invented in the early Middle Ages. 

The earliest book printed with movable 

type, the aforesaid Gutenberg Bible, is 

printed in letters which are an exact 
I 113 



Printing, imitation of the more formal ecclesiastical 

writing which obtained at that time ; 

this has since been called " missal type," 

and was in fact the kind of letter used in 

the many splendid missals, psalters, etc., 

produced by printing in the fifteenth 

century. But the first Bible actually dated 

(which also was printed at Maintz by 

Peter Schceffer in the year 1462) imitates 

a much freer hand, simpler, rounder, and 

less spiky ^ and therefore* far pleasanter 

and easier to read. On the whole the 

type of this book may be considered the 

ne-plus-ultra of Gothic type, especially 

as regards the lower-case letters; and 

type very similar was used during the 

next fifteen or twenty years not only by 

Schceffer, but by printers in Strasburg, 

Basle, Paris, Lubeck, and other cities. 

But though on the whole, except in 

Italy, Gothic letter was most ofi:en used, 

a very few years saw the birth of Roman 
114 



character not only in Italy, but in Printing. 
Germany and France. In 1465 Sweyn-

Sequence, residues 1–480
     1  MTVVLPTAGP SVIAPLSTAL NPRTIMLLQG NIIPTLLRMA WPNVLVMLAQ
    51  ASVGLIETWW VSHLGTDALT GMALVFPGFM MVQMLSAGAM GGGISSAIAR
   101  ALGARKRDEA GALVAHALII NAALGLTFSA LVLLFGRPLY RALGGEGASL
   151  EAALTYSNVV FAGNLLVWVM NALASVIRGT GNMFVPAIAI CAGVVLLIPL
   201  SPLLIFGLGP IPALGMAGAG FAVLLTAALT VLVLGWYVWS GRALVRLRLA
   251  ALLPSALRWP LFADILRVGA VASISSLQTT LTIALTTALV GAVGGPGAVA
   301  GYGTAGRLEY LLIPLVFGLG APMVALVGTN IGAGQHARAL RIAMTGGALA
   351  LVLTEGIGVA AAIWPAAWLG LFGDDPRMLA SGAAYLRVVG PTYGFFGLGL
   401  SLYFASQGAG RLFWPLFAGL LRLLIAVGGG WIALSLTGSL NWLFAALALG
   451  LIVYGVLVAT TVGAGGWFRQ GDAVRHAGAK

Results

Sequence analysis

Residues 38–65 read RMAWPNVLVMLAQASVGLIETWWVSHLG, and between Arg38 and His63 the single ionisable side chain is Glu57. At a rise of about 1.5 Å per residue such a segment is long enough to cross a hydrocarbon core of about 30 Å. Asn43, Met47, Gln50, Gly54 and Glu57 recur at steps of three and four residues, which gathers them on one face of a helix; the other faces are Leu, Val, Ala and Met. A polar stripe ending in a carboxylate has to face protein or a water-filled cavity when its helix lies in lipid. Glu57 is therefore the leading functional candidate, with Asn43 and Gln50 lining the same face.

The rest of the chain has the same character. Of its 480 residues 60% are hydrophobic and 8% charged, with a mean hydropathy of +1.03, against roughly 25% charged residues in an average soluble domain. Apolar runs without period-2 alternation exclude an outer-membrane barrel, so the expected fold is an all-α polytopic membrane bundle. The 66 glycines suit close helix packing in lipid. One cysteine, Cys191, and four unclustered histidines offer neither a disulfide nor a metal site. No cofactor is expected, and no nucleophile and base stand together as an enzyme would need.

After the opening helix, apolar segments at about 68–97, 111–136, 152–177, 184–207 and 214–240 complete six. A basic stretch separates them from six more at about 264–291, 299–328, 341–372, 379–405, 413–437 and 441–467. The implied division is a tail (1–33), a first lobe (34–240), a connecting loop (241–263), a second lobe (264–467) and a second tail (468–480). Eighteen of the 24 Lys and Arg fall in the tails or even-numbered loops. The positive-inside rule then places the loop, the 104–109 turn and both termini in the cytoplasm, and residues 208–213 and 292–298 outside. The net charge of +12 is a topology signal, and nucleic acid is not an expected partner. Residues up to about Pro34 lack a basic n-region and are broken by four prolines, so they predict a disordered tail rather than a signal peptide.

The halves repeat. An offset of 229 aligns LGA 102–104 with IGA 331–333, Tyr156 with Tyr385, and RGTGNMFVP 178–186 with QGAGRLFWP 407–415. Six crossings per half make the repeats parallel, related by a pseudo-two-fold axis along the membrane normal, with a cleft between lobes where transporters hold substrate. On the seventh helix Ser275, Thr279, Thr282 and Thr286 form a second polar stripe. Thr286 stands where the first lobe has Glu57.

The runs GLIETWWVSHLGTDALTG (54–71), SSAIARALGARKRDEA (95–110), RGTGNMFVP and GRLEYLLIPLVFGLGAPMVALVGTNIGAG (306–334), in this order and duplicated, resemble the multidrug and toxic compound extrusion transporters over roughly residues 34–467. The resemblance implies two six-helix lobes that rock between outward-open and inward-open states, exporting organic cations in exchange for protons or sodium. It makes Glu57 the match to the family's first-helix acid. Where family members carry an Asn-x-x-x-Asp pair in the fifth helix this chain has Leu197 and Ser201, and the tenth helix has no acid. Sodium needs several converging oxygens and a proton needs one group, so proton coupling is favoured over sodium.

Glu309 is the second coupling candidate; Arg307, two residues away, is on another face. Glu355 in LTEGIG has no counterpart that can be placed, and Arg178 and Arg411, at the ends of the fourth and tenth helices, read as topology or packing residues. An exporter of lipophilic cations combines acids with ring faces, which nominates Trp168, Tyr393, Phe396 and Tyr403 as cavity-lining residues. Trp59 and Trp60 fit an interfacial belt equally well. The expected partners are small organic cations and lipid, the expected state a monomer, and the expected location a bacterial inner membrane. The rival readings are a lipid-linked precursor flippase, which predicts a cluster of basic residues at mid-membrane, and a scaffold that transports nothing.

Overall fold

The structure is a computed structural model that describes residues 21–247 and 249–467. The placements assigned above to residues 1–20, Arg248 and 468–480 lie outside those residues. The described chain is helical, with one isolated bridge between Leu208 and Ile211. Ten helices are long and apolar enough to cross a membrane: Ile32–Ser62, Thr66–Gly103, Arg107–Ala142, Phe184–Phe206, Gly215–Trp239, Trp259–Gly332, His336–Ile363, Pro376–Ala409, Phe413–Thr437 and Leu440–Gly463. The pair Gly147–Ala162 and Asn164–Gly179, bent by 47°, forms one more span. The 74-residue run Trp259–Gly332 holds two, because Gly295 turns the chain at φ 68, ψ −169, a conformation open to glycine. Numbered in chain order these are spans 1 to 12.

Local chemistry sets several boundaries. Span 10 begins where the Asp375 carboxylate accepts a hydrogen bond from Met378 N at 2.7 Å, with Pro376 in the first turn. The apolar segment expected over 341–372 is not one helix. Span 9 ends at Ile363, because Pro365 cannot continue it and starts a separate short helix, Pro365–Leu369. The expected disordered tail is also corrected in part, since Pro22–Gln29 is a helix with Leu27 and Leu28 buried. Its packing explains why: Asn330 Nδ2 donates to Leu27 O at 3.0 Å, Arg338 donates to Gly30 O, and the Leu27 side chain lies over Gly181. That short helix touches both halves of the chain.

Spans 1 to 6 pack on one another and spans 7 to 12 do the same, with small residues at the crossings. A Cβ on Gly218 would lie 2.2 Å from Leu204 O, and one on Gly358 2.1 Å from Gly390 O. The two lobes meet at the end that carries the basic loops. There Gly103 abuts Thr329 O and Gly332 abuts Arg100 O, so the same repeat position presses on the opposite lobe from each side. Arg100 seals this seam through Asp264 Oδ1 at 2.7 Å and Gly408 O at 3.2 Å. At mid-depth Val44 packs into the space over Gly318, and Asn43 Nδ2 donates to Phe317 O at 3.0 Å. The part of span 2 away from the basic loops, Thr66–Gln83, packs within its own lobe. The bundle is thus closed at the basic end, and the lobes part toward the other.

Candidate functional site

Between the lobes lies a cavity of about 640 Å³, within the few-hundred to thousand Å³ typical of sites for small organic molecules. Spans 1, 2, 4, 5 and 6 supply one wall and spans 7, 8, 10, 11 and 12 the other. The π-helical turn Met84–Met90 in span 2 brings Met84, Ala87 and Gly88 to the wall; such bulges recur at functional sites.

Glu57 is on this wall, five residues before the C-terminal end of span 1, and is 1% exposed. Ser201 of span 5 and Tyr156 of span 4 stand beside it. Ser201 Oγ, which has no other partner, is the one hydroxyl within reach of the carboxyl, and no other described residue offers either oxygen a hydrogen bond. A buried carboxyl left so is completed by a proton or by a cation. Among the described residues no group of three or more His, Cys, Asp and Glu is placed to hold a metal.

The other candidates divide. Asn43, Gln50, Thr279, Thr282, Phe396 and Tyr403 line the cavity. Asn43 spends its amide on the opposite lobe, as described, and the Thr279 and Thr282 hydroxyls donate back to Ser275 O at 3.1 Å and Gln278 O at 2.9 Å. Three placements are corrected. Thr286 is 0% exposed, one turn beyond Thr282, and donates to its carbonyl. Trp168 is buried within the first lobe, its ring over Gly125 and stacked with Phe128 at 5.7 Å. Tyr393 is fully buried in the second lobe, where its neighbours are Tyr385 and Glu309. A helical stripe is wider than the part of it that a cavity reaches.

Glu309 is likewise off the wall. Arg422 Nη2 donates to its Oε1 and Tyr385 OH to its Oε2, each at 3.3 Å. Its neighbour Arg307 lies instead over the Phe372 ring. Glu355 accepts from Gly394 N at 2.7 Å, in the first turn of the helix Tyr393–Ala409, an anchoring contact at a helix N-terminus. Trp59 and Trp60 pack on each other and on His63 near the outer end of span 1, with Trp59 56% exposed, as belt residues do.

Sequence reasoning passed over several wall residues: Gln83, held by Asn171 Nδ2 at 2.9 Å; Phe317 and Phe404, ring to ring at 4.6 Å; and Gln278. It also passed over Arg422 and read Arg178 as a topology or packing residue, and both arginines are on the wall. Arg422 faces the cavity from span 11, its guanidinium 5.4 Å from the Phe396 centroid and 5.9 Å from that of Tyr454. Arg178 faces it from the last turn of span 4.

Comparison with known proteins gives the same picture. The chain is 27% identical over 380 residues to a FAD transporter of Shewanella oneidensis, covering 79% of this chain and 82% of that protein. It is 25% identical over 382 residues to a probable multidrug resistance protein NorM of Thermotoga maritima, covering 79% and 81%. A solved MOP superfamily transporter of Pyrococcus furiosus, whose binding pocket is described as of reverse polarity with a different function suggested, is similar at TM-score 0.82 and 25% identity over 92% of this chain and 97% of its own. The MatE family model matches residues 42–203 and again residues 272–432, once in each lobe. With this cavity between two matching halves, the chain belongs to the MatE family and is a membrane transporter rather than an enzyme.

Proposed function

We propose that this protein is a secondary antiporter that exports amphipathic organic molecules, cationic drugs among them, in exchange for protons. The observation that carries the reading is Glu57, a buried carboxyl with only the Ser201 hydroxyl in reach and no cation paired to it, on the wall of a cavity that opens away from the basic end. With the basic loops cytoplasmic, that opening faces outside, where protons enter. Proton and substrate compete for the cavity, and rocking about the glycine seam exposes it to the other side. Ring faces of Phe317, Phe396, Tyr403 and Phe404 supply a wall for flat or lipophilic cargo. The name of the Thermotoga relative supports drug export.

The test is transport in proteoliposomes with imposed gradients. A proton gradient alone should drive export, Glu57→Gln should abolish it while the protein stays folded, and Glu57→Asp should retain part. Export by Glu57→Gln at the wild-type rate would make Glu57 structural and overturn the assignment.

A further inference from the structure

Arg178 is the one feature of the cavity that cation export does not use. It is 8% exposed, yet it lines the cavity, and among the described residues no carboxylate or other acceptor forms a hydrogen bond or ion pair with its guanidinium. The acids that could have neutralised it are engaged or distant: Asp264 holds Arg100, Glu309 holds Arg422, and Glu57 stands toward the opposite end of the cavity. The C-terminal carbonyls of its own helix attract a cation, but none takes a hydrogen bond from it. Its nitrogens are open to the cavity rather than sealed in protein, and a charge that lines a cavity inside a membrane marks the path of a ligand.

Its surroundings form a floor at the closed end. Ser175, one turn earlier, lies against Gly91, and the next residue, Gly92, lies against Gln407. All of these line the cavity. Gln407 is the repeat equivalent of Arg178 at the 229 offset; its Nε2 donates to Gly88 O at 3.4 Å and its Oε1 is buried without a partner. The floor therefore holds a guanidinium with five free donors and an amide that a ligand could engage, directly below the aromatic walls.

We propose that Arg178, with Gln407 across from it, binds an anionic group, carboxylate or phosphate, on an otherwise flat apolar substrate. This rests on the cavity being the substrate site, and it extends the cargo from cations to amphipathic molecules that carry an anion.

heim and Pannartz began printing in 
the monastery of Subiaco near Rome, 
and used an exceedingly beautiful type, 
which is indeed to look at a transition 
between Gothic and Roman, but which 
must certainly have come from the 
study of the twelfth or even the eleventh 
century MSS. They printed very few 
books in this type, three only ; but in 
their very first books in Rome, beginning 
with the year 1468, they discarded this 
for a more completely Roman and far 
less beautiful letter. But about the 
same year Mentelin at Strasburg began 
to print in a type which is distinctly 
Roman ; and the next year Gunther 
Zeiner at Augsburg followed suit ; 
while in 1470 at Paris Udalric Gering 
and his associates turned out the first 
books printed in France, also in Roman 

115 



Printing, character. The Roman type of all these 
printers is similar in character, and is 
very simple and legible, and unaffectedly 
designed for use ; but it is by no means 
without beauty. It must be said that 
it is in no way like the transition type 
of Subiaco, and though more Roman 
than that, yet scarcely more like the 
complete Roman type of the earliest 
printers of Rome. 

A further development of the Roman 
letter took place at Venice. John of 
Spires and his brother Vindelin, followed 
by Nicholas Jenson, began to print in 
that city, 1469, 1470 ; their type is on 
the lines of the German and French 
rather than of the Roman printers. Of 
Jenson it must be said that he carried 
the development of Roman type as far 
as it can go : his letter is admirably 
clear and regular, but at least as beauti- 
ful as any other Roman type. After his 
116